By Mark S. Nelson, J.D.
Early comments on the SEC’s review of its conflict minerals rule guidance are divided on the contours of and need for the disclosure regime mandated by the Dodd-Frank Act. Still, commenters appeared united on tackling the issue of compliance costs.
Gregory Kleffner, executive vice president and CFO of Stein Mart, Inc., an apparel retailer with stores across the county, said the conflict minerals rule is a diversion from the SEC’s core mission, the consideration that should be the primary driver of the agency’s review. But Kleffner also said compliance costs, especially for non-reporting vendors, may not be reflected in data on the burdens imposed by the rule on businesses. In Stein Mart’s case, Kleffner said the company currently pays about $50,000 annually for a consultant and attorneys in order to deal with the conflict minerals rule. While he said that number was lower than the company’s initial compliance cost, he urged the Commission not to ignore the fact that the overall trend of lower costs for all companies subject to the rule can mask the still quite large burden on businesses.
Also on the matter of cost, Lawrence Heim, managing director at Elm Sustainability Partners LLC, characterized the Commission’s cost estimates in the final rule as “grossly overestimated” in light of recent trends. Heim noted that some analyses of the conflict minerals rule could only be grasped via “retrospective analysis” and the Commission should instead mull the newer data as part of its review. But Heim also urged the Commission to consider adding a de minimis threshold, an item left out of the final rule, but which would reduce compliance costs and match regulatory developments in the European Union.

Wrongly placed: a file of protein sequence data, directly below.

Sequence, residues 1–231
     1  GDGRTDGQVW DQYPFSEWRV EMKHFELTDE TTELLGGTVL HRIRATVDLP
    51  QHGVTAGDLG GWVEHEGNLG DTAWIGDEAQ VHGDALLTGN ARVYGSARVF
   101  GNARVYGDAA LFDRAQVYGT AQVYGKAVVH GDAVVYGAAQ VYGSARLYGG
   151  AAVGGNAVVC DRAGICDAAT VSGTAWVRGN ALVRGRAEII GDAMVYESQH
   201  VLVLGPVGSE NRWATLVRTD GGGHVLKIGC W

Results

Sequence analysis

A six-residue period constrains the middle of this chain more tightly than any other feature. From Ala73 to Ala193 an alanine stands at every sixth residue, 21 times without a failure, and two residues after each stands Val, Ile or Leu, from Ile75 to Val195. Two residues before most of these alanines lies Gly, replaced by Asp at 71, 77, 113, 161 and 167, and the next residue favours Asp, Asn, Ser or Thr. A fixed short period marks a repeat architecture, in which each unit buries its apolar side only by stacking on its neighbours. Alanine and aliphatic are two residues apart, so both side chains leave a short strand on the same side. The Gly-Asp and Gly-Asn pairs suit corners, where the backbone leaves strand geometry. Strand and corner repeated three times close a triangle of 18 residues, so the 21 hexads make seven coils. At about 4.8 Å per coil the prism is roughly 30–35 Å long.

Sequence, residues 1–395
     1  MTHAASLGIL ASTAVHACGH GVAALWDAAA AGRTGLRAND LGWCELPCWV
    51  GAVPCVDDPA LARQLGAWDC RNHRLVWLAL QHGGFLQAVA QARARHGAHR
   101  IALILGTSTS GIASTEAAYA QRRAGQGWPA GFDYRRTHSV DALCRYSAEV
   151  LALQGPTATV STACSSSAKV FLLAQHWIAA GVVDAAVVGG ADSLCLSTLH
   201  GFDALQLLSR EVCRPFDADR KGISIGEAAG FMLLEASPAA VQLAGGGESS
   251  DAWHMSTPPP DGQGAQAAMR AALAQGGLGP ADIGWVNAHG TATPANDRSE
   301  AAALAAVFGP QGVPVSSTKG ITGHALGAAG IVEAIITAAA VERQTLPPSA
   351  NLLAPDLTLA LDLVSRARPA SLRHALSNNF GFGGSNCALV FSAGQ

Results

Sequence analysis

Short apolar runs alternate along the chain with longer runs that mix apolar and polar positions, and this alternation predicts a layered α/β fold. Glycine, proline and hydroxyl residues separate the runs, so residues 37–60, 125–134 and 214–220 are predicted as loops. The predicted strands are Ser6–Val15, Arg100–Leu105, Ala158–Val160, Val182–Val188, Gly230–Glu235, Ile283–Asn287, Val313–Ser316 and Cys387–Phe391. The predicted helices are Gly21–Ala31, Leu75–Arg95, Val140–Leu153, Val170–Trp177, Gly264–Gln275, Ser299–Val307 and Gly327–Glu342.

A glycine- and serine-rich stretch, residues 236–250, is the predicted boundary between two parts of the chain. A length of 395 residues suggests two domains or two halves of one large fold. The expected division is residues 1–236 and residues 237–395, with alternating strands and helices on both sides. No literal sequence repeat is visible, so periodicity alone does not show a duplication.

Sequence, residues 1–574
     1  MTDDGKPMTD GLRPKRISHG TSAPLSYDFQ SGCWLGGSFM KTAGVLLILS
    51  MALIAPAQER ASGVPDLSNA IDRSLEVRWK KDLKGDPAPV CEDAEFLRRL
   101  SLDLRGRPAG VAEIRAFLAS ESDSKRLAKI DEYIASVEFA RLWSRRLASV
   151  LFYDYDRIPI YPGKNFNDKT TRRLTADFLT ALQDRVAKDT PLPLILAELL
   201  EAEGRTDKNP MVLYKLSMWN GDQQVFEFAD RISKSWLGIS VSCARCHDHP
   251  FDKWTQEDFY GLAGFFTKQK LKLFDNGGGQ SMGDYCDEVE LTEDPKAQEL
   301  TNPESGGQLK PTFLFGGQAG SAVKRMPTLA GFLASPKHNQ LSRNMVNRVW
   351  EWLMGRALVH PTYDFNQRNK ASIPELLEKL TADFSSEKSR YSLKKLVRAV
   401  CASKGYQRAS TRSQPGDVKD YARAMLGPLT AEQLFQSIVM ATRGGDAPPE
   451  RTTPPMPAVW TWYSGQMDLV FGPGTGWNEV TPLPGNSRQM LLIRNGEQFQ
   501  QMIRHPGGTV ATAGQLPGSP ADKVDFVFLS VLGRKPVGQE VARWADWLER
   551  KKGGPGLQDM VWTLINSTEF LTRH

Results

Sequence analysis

A comment by the CEO of Source Intelligence, Jess Kraus, suggested that technology evolutions since the adoption of the conflict minerals rule have led to improved tracing of minerals and less costly compliance. He also said his firm was unaware of its customers ending contracts with suppliers who use minerals from “legitimate mines” in areas of Africa impacted by the conflict minerals rule.
Lauren Compere, managing director, Boston Common Asset Management, and a group of additional investor signatories, expressed support for the conflict minerals rule. The letter urged the SEC to enforce the disclosure requirements contained in the conflict minerals rule. Moreover, the signatories noted that despite lingering hurdles to peace in the Democratic Republic of the Congo, the emergence of environmental, social, and governance investing and regulatory developments in Europe, and the possibility of future developments in China, had set the stage for supply chain due diligence to emerge as a “global norm” largely because of U.S. leadership.